Sex therapist Chris Donaghue maintains that labeling yourself a sapiosexual is a lazy, limiting, and potentially detrimental marketing ploy. “Attraction and chemistry happen on psychological and physical levels,” he said. “It’s just not realistic to think that one is going to ignore physical attraction or lack thereof due to an intensive psychological attraction—as though that intellectual interest overpowers everything else. At some point, [couples] end up in my office: Great conversation. No physical attraction. No sexual chemistry.”

There are those who find the notion of sapiosexuality not only shortsighted but discriminatory—particularly ableist. The argument goes like this: By desiring only the, um, intellectually well-endowed, so-called sapiosexuals are somehow rejecting the intellectually and developmentally disabled. This logic is, at best, flawed if not deeply problematic in its own right since it implies that the developmentally disabled possess no form of classifiable or viable intelligence—or that there is any such thing as universally understood intelligence.

“I have a partner who is learning disabled and gets certain concepts confused,” Dr. Sands told me. “I’m much more intellectual than she is, but she’s so smart and funny and creative and thoughtful. She’s incredibly intelligent. She just presents with a different kind of intelligence than my intelligence. I’m sure If we took IQ tests, I’d outrank her greatly, but that’s not actually what matters.”

Here’s where it gets murky: Dr. Sands, who was recommended to me by a representative of The American Psychological Association, believes sapiosexual to be a sexual identity like bisexual or transgender, not a sexual orientation. “I think of sexual orientation as activity,” she explained, “’This is who I like to have sex with.’ And I think of identity as ‘This is who I am in the world.’” Chuckling on the end of the line she adds, “You can’t really have a sapiosexual act. I mean, what would that look like?”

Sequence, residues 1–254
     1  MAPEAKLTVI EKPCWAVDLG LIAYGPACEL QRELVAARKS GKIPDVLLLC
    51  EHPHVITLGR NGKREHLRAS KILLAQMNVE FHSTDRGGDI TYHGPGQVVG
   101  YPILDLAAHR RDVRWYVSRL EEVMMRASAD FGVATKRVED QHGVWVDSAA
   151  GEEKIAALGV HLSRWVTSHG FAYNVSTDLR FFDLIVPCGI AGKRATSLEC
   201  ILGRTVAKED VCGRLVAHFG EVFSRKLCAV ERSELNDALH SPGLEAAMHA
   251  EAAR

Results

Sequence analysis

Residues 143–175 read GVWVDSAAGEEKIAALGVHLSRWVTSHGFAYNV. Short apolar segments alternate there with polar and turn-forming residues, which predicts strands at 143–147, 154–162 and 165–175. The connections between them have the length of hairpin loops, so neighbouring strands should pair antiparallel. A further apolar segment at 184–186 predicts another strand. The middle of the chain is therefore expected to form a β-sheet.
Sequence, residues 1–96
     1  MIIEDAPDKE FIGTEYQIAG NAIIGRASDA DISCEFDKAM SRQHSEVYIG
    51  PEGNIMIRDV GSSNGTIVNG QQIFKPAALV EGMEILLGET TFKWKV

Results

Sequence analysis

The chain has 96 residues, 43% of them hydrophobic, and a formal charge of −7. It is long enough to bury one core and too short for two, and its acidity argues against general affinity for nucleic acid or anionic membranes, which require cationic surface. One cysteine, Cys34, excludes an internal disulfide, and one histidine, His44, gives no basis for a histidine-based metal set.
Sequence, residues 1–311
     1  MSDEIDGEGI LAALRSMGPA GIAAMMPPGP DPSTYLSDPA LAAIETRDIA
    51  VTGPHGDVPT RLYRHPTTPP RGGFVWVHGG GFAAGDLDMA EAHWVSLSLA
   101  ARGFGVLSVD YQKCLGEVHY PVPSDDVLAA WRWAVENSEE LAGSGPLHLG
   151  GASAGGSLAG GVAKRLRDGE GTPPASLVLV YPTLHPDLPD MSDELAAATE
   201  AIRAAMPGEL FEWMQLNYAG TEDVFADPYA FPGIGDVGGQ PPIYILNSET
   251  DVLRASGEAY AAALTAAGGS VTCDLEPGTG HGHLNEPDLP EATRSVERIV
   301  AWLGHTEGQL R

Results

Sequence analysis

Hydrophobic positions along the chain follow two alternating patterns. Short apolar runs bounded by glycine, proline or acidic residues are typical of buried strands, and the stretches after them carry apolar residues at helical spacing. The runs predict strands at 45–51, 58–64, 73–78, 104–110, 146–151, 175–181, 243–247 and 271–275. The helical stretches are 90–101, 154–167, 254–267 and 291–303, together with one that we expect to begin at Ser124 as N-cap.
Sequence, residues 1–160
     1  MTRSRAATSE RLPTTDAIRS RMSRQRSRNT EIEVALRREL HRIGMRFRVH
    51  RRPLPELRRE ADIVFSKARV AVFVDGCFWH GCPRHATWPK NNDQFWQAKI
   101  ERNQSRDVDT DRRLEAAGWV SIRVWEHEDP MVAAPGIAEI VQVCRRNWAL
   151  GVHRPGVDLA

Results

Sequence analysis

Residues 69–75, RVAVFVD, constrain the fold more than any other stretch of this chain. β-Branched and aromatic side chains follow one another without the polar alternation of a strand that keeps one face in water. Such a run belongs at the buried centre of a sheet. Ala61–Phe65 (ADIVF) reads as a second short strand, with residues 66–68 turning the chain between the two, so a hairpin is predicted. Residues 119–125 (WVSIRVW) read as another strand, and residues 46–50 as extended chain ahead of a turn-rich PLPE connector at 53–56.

But according to the APA website, bisexuality is one of the three-ish sexual orientations recognized by the organization: heterosexuality, bisexuality, homosexuality and sometimes y(asexuality). Furthermore, the site describes sexual orientation as “an enduring pattern of emotional, romantic and/or sexual attractions to men, women or both sexes,” which is sort of the opposite of how Dr. Sands defines it.

I don’t point this out to highlight dissension in the ranks of the medical establishment so much as to acknowledge this: The more open and accepting we become of differing sexualities, the more complicated the permutations become and the more the language around them becomes fluid. As a writer, I love words and specificity, and—sorry Tinder-ers—I don’t believe “sapiosexuality” merits the distinction of either sexual identity or sexual orientation. It seems like more of a preference—an impractical and narrow one at that. But, so what? In setting out to discredit the term, I was needlessly denying a method by which people find compatibility and each other. One can always choose his or her words more carefully, but maybe the lesson here is: whatever works.

My good friend Matt is a film producer, married eleven years, and jointly in possession of two mind-numbingly adorable children. Back in the day, though, he was an aspiring novelist, and I’m still waiting for a peek at the unfinished manuscript that he obsessed over in his twenties. I told him I was trying to write about sapiosexuality, and he laughed. “That’s the only reason I have a pretty wife,” he said, in his typically self-effacing Matt kind of way. “I like books and she found that out.”

[Illustration by Jim Cooke]

All This Nothing is a column on Gawker Review of Books that explores how we talk, text, and write about love, loss, and desire in the digital age. Neil Drumming will be your guide.

“The odd thing about this form of communication is that you’re more likely to talk about nothing than something. But I just want to say that all this nothing has meant more to me than so many somethings.” —from You’ve Got Mail